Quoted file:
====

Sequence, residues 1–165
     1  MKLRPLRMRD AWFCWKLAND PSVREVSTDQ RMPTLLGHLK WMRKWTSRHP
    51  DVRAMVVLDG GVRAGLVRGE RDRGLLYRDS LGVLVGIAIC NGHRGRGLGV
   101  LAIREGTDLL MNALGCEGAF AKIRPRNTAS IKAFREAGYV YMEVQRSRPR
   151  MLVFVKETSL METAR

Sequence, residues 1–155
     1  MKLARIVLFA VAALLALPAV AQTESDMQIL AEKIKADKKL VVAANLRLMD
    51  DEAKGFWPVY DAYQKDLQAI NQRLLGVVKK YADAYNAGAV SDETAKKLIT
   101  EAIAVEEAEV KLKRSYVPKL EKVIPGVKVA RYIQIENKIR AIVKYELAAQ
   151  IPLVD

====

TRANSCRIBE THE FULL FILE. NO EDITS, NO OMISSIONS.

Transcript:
Sequence, residues 1–165
     1  MKLRPLRMRD AWFCWKLAND PSVREVSTDQ RMPTLLGHLK WMRKWTSRHP
    51  DVRAMVVLDG GVRAGLVRGE RDRGLLYRDS LGVLVGIAIC NGHRGRGLGV
   101  LAIREGTDLL MNALGCEGAF AKIRPRNTAS IKAFREAGYV YMEVQRSRPR
   151  MLVFVKETSL METAR

Sequence, residues 1–155
     1  MKLARIVLFA VAALLALPAV AQTESDMQIL AEKIKADKKL VVAANLRLMD
    51  DEAKGFWPVY DAYQKDLQAI NQRLLGVVKK YADAYNAGAV SDETAKKLIT
   101  EAIAVEEAEV KLKRSYVPKL EKVIPGVKVA RYIQIENKIR AIVKYELAAQ
   151  IPLVD